BANKSIA Securities may have been trading insolvent for some time before the lender collapsed due to outdated and lazy valuations of its mortgage portfolio.
And it has emerged that the corporate regulator raised concerns about Banksia's position as early as May - five months before the board and trustees froze more than $660 million in assets and appointed receivers. While the non-bank lender was profitable in the past three years it had underestimated bad debts by about $34 million, was "thinly capitalised" and had "significantly understated" its impairments to regulators, according to an investigation by receivers McGrathNicol.
"From our analysis of [Banksia's] loan book . . . it is clear that the company is insolvent and may have been insolvent for some time prior to our appointment," noted a report to debenture holders released on Friday. Banksia's property valuations were based on property prices in 2008 and 2009 and were often based on council rates notices.
This caused irregular valuations and made Banksia underestimate potential defaults because property prices in regional areas have decreased significantly in the past four years. About 46 per cent of Banksia's money was loaned out for residential properties, which are normally low risk.
"[However], we note that many of these properties are development projects, vacant land, unimproved land (residential subdivisions) and are based in regional locations," the receivers found.
Both the Australian Securities and Investments Commission and Banksia's trustees, The Trust Company, raised concerns about the lender's financial reports in May, according to McGrathNicol. On October 24, Banksia management revealed its own internal review found bad debts were likely to rise from an expected $6.45 million to $40 million - putting Banksia into the red. Receivers were appointed the next day.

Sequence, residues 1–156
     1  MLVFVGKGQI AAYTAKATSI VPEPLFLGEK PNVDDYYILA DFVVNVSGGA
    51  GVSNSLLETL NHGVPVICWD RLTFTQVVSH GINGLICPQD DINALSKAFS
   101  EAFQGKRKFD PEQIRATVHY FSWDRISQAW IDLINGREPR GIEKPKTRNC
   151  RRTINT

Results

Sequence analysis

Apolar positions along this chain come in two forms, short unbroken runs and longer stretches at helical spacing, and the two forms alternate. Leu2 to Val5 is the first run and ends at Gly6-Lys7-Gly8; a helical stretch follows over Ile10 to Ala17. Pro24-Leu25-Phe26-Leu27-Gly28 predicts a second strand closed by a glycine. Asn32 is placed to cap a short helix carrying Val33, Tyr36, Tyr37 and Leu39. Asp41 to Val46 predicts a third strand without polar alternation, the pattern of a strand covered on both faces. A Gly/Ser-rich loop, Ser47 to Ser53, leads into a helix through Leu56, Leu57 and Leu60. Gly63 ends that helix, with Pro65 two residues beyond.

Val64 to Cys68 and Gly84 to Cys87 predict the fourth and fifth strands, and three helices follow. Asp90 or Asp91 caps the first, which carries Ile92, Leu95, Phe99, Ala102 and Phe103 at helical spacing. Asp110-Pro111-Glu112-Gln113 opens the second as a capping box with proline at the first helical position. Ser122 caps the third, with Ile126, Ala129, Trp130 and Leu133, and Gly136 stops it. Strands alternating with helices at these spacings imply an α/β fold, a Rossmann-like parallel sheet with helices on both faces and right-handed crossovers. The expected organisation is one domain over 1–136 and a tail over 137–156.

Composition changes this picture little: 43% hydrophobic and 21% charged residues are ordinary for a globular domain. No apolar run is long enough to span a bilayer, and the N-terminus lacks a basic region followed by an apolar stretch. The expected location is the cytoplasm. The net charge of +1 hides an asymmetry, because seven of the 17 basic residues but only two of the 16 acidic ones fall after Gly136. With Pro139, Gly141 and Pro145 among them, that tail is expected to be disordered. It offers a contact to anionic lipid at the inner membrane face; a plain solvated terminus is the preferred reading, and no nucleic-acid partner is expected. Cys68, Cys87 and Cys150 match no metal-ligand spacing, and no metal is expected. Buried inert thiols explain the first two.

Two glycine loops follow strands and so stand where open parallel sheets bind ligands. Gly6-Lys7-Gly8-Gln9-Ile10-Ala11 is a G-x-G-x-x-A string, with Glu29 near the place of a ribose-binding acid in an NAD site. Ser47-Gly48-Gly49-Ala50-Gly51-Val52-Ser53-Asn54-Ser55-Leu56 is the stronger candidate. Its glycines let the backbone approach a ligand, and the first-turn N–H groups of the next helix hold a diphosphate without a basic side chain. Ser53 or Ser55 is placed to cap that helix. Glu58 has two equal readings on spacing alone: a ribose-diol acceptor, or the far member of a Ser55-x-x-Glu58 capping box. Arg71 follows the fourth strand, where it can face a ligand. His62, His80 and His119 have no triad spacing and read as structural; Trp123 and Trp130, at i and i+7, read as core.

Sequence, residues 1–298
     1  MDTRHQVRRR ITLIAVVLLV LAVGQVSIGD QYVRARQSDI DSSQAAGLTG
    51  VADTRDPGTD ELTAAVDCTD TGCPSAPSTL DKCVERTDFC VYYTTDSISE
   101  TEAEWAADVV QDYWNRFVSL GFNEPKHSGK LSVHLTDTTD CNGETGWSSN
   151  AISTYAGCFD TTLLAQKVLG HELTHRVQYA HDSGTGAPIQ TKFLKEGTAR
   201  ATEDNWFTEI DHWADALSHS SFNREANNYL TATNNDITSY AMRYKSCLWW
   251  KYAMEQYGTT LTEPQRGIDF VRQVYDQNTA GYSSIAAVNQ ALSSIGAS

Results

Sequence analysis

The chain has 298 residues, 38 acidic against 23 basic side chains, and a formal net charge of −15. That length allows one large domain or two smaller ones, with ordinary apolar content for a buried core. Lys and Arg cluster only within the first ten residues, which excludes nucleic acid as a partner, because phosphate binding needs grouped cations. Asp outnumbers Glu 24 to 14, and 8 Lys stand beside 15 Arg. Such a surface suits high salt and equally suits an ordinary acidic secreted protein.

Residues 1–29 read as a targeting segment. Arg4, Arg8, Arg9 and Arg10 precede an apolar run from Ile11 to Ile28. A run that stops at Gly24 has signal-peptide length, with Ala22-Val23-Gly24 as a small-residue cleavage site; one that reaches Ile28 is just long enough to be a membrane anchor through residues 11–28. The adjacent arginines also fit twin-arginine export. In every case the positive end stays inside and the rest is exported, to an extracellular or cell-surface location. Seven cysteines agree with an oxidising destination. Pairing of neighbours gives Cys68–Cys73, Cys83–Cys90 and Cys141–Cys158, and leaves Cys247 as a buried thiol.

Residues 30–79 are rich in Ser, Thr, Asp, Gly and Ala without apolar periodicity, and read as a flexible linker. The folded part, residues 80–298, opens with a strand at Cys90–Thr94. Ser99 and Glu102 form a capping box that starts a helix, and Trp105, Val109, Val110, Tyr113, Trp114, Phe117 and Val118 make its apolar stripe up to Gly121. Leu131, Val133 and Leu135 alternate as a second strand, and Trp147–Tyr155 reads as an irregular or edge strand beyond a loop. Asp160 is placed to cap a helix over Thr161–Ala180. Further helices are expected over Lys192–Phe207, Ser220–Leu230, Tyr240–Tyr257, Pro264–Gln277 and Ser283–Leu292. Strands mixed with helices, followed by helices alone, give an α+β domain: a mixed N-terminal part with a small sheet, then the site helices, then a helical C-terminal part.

Receivers have since found that $82 million worth of loans were already in default at this date and a further $146 million were overdue by between six and 90 days.
Debenture holders were paid 20? on Friday for every dollar they invested in Banksia and should get another 5? to 10? by June 2013. They have been told to expect a maximum of 65? in the dollar. McGrathNicol said it planned to sell the loan portfolio in early 2013 if the bids are better for debenture holders than waiting for the loans to be paid off naturally,
It has also emerged that Banksia invested $2.5 million in collateralised debt obligations issued by former Wall Street investment bank Lehman Brothers and a $400,000 stake in another regional lender Southern Finance Limited. Southern Finance and Banksia have the same trustees, who recently took court action to freeze Southern Finance's assets until it is sold to Bendigo and Adelaide Bank.